Global and static variables are guaranteed to be initialized to 0 by the C standard. avr-gcc does this by placing the appropriate code into section .init4 (see The .initN Sections). With respect to the standard, this sentence is somewhat simplified (because the standard allows for machines where the actual bit pattern used differs from all bits being 0), but for the AVR target, in general, all integer-type variables are set to 0, all pointers to a NULL pointer, and all floating-point variables to 0.0.

As long as these variables are not initialized (i. e. they don't have an equal sign and an initialization expression to the right within the definition of the variable), they go into the .bss section of the file. This section simply records the size of the variable, but otherwise doesn't consume space, neither within the object file nor within flash memory. (Of course, being a variable, it will consume space in the target's SRAM.)

In contrast, global and static variables that have an initializer go into the .data section of the file. This will cause them to consume space in the object file (in order to record the initializing value), and in the flash ROM of the target device. The latter is needed since the flash ROM is the only way that the compiler can tell the target device the value this variable is going to be initialized to.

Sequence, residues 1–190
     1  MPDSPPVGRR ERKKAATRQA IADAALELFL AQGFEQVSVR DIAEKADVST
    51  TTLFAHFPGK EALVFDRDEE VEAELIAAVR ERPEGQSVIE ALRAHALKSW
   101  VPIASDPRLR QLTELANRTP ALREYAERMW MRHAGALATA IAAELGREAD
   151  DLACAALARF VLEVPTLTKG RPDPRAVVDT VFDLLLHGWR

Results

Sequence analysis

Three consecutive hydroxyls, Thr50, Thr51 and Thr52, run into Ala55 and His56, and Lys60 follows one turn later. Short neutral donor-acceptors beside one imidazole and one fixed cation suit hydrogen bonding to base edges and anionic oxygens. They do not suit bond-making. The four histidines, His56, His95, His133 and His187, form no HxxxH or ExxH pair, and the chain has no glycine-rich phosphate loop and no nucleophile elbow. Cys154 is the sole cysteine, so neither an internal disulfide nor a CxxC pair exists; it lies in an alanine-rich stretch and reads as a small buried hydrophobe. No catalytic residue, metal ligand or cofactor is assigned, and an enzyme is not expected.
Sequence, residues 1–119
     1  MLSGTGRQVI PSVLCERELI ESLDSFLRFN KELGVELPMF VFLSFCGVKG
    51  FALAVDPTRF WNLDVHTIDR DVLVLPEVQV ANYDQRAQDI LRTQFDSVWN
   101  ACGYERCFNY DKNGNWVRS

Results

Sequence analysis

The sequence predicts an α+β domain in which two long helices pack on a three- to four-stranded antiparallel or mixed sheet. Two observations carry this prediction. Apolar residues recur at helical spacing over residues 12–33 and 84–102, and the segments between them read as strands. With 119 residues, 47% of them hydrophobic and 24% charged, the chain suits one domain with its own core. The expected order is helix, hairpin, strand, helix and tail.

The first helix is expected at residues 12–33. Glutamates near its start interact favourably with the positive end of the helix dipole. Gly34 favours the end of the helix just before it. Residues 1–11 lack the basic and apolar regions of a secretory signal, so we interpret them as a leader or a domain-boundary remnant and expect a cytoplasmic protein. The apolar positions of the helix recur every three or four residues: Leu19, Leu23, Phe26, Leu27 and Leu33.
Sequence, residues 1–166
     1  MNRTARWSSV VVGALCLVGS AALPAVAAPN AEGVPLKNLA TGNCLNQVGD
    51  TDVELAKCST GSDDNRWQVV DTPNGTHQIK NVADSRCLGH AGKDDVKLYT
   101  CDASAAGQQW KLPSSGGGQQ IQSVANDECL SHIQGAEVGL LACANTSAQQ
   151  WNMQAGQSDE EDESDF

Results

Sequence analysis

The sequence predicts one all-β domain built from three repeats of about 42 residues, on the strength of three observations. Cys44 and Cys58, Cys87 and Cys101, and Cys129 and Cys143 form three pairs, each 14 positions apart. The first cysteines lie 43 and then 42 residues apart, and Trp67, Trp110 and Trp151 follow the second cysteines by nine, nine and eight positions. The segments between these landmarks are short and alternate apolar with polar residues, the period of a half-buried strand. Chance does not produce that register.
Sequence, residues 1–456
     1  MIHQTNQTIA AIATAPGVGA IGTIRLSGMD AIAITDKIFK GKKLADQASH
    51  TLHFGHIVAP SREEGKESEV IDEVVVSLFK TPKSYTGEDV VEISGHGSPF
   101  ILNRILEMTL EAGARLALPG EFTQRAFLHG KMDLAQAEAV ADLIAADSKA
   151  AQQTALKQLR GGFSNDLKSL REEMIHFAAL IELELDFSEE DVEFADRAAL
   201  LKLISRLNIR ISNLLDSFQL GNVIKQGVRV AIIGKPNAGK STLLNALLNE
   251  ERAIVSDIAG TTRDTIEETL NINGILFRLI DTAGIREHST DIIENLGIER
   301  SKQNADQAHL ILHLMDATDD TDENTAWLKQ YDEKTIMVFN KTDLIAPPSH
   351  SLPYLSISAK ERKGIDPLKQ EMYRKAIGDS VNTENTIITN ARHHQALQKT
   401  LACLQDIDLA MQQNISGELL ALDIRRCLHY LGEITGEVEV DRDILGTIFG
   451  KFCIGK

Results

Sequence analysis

Now if some programmer "wants to make doubly sure" their variables really get a 0 at program startup, and adds an initializer just containing 0 on the right-hand side, they waste space. While this waste of space applies to virtually any platform C is implemented on, it's usually not noticeable on larger machines like PCs, while the waste of flash ROM storage can be very painful on a small microcontroller like the AVR.

So in general, variables should only be explicitly initialized if the initial value is non-zero.

Note

Recent versions of GCC are now smart enough to detect this situation, and revert variables that are explicitly initialized to 0 to the .bss section. Still, other compilers might not do that optimization, and as the C standard guarantees the initialization, it is safe to rely on it.

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